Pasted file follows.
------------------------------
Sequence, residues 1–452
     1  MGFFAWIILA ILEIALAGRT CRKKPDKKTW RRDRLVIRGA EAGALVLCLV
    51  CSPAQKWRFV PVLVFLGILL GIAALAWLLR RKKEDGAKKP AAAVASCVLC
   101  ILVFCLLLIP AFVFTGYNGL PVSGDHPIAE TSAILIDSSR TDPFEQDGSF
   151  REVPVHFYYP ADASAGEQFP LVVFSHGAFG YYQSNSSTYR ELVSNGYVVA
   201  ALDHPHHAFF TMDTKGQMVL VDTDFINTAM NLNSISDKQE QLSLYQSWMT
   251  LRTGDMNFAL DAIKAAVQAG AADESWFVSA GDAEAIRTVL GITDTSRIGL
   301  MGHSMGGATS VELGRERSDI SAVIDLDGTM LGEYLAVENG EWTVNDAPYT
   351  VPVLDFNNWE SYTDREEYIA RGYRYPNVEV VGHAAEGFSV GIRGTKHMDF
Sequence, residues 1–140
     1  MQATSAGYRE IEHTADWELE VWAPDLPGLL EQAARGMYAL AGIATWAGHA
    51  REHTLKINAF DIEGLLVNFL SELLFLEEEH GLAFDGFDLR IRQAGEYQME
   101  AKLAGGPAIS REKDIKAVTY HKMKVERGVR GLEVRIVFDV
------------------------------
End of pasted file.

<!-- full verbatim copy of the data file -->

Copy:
Sequence, residues 1–452
     1  MGFFAWIILA ILEIALAGRT CRKKPDKKTW RRDRLVIRGA EAGALVLCLV
    51  CSPAQKWRFV PVLVFLGILL GIAALAWLLR RKKEDGAKKP AAAVASCVLC
   101  ILVFCLLLIP AFVFTGYNGL PVSGDHPIAE TSAILIDSSR TDPFEQDGSF
   151  REVPVHFYYP ADASAGEQFP LVVFSHGAFG YYQSNSSTYR ELVSNGYVVA
   201  ALDHPHHAFF TMDTKGQMVL VDTDFINTAM NLNSISDKQE QLSLYQSWMT
   251  LRTGDMNFAL DAIKAAVQAG AADESWFVSA GDAEAIRTVL GITDTSRIGL
   301  MGHSMGGATS VELGRERSDI SAVIDLDGTM LGEYLAVENG EWTVNDAPYT
   351  VPVLDFNNWE SYTDREEYIA RGYRYPNVEV VGHAAEGFSV GIRGTKHMDF
Sequence, residues 1–140
     1  MQATSAGYRE IEHTADWELE VWAPDLPGLL EQAARGMYAL AGIATWAGHA
    51  REHTLKINAF DIEGLLVNFL SELLFLEEEH GLAFDGFDLR IRQAGEYQME
   101  AKLAGGPAIS REKDIKAVTY HKMKVERGVR GLEVRIVFDV